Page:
Greg Canavan is a feature editor of The Daily Reckoning and is the foremost authority for retail investors on value investing in Australia. He is a former head of Australasian Research for an Australian asset-management group and has been a regular guest on CNBC, Sky Business’s The Perrett Report and Lateline Business. Greg is also the editor of Sound Money. Sound Investments, an investment publication designed to help investors profit from companies and stocks that are undervalued on the market. To follow Greg's financial world view more closely you can subscribe to The Daily Reckoning for free here. If you’re already a Daily Reckoning subscriber, then we recommend you also join him on Google+. It's where he shares investment research, commentary and ideas that he can't always fit into his regular Daily Reckoning emails.
Greg Canavan

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12 Comments

  1. Paul says:

    A few social network bookmarking widgets on this site would help spread the word!

  2. Technofreak says:

    Thanks for a fantastic article. Made me sick but I am happy I don’t have and never had a mortgage. Never will while this rort goes on.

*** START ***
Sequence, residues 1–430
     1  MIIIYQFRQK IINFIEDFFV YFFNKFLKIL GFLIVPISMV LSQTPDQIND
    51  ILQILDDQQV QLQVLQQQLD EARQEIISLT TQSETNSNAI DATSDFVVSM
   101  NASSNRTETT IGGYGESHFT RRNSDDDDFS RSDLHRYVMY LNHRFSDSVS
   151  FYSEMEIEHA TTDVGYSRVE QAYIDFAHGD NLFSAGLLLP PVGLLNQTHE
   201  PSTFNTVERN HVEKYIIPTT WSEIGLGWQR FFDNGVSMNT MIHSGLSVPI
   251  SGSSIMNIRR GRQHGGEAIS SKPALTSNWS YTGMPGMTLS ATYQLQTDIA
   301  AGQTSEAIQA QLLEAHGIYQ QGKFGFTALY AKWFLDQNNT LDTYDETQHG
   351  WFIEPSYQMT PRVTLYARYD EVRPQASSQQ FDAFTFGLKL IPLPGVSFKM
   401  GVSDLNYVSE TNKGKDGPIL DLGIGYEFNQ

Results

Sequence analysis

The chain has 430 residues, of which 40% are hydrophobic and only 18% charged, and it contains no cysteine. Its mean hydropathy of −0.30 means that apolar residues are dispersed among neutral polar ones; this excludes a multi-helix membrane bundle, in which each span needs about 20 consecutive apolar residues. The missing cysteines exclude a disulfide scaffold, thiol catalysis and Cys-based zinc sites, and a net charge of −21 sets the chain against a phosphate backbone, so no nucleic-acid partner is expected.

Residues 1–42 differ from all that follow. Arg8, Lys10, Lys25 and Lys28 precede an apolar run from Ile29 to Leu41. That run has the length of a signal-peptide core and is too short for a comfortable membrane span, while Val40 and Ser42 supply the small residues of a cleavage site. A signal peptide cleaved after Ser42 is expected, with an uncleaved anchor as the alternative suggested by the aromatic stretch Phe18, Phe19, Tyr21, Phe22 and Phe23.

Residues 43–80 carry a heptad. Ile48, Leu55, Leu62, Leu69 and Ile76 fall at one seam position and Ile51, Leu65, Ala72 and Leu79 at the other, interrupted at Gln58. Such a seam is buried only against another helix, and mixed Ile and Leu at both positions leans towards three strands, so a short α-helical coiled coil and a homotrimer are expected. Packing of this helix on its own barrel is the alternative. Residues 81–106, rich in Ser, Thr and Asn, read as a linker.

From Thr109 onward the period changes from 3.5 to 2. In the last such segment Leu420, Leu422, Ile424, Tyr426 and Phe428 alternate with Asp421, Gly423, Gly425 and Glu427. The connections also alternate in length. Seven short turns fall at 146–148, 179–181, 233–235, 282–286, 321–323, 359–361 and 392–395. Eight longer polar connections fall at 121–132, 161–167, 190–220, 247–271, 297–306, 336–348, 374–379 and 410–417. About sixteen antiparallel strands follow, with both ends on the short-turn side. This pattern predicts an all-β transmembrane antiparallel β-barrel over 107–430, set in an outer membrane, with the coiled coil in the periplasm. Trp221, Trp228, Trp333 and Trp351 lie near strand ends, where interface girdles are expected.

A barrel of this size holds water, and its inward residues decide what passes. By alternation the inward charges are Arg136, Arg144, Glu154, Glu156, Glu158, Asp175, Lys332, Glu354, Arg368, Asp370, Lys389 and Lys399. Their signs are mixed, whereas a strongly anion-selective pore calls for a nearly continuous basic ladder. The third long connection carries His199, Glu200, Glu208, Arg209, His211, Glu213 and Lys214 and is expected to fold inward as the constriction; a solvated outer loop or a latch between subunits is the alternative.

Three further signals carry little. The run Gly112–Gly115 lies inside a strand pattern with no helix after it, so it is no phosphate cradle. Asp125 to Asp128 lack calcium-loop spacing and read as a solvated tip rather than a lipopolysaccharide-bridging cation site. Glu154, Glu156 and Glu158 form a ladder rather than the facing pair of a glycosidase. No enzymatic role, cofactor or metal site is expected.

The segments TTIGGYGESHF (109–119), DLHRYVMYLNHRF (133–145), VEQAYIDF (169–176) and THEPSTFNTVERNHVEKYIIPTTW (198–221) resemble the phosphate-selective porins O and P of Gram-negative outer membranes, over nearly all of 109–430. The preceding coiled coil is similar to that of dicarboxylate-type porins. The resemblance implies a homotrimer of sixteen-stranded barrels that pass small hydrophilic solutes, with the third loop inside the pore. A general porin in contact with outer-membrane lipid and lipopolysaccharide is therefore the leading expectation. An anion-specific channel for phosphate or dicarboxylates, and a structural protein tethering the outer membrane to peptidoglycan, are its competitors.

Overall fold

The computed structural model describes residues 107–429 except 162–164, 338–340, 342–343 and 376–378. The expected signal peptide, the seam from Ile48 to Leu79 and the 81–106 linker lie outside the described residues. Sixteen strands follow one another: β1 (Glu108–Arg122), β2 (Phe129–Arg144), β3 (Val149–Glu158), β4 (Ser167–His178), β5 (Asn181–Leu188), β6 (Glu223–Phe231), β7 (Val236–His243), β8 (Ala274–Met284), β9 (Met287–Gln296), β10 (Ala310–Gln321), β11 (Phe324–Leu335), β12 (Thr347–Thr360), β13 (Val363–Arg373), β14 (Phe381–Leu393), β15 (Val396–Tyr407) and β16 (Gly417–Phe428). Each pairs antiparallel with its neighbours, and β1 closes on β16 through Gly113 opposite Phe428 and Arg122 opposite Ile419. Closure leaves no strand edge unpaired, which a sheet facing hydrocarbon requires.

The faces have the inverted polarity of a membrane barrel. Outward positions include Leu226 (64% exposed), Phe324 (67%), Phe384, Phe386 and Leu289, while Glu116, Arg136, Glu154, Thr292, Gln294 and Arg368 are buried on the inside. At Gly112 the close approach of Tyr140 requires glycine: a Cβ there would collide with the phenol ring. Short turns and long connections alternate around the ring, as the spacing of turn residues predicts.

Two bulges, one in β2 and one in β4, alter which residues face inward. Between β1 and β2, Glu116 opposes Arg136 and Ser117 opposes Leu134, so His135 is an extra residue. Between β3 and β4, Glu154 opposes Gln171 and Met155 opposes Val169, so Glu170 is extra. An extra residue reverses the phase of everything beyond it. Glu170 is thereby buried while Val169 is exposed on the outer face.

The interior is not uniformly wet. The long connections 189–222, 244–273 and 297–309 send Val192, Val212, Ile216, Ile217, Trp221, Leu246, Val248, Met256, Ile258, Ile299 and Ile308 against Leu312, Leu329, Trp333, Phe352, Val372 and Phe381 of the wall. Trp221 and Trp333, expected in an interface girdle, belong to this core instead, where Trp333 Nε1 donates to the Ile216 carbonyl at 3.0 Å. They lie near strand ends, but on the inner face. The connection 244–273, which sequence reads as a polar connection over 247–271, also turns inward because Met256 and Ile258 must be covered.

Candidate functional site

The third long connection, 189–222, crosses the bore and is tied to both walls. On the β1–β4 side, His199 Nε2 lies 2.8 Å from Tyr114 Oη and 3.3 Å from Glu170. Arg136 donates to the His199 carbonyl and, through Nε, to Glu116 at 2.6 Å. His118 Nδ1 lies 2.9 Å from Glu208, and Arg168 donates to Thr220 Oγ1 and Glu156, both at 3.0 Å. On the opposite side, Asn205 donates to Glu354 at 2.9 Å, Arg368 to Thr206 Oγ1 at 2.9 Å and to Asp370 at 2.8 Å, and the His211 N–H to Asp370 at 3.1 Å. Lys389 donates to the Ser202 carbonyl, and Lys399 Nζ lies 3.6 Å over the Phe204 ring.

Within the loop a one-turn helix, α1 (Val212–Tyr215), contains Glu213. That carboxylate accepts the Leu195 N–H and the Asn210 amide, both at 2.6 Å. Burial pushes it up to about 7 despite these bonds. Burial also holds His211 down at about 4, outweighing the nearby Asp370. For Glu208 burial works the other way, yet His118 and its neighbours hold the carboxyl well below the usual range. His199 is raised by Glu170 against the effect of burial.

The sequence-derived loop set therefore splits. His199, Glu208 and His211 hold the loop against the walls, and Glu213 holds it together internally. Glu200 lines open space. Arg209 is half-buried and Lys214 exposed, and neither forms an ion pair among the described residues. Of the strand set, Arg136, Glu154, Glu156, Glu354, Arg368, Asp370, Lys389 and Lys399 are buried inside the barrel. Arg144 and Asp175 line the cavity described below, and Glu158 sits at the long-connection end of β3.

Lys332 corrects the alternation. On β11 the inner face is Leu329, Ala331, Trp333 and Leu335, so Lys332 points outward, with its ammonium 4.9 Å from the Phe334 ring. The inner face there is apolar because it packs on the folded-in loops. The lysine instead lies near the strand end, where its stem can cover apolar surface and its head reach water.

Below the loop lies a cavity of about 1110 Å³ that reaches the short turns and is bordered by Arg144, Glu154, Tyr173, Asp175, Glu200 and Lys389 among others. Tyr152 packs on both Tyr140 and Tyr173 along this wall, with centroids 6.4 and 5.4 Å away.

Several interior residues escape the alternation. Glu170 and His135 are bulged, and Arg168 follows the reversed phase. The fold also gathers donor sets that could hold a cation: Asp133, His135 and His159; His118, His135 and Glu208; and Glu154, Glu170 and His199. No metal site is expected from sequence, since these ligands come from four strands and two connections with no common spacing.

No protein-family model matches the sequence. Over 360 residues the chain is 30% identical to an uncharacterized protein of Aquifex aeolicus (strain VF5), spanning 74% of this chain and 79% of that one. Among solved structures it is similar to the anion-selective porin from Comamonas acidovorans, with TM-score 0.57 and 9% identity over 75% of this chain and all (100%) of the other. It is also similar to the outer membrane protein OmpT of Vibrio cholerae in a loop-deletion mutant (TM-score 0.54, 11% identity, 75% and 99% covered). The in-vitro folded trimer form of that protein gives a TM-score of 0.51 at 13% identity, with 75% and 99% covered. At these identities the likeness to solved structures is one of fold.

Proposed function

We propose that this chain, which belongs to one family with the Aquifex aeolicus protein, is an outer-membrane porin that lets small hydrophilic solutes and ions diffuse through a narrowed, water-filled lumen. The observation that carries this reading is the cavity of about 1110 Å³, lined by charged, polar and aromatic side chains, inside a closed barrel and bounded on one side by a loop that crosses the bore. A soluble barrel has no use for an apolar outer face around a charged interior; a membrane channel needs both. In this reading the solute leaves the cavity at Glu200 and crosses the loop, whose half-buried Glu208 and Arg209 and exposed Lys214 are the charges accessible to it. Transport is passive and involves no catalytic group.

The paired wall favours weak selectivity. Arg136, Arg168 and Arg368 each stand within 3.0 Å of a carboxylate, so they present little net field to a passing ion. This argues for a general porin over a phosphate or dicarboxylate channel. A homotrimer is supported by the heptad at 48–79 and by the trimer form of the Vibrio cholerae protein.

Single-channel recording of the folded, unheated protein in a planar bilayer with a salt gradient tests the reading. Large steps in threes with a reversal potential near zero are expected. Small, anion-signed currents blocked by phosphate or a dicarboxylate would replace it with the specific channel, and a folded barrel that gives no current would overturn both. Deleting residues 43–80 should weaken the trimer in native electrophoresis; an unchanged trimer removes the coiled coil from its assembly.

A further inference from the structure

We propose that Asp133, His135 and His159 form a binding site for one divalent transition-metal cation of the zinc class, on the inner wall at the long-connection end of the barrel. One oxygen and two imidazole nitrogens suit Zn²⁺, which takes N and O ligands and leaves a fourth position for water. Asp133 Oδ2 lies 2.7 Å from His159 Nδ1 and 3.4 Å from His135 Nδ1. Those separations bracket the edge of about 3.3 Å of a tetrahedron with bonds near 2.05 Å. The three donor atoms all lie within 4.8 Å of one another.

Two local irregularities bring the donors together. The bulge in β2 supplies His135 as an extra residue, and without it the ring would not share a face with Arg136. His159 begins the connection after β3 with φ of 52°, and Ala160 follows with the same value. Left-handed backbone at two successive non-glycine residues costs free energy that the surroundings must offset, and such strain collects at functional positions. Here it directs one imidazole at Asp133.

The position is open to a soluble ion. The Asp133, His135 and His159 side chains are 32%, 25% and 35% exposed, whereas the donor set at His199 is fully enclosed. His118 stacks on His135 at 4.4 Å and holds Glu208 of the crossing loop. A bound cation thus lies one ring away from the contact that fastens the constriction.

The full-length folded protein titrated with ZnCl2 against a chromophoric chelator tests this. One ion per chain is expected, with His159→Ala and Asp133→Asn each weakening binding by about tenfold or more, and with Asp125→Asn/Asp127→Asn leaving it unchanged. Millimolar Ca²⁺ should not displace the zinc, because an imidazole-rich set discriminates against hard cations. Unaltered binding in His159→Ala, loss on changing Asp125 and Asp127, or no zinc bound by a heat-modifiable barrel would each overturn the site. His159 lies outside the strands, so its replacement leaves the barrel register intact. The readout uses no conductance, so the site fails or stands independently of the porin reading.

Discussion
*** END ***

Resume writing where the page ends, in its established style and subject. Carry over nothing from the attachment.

3. X says:

    Good article, but a slowdown in housing is not really an indication that the economy is grinding to a halt.

    Certainly, it is going through a transition as consumers try to cut back on discretionary spend and pay down their enormous debt burden. The market can take care of itself if you let it, but you are correct that all those on the property gravy train have a bad case of economis interventus, and are clamoring for the RBA to back-stop their source of free money.

    The question is, will Glen Stevens let the market self-correct, or will he do the political thing and pump liquidity back into the market (and by extension, the housing market)?

    The primary risks to the Australian economy are:
    1) Hard landing in China, causing a collapse in commodity prices.
    2) Currency strength affecting our biggest exports, education and overpriced investment properties.
    3) Reflating the housing bubble, driving our economy to a Minsky Moment.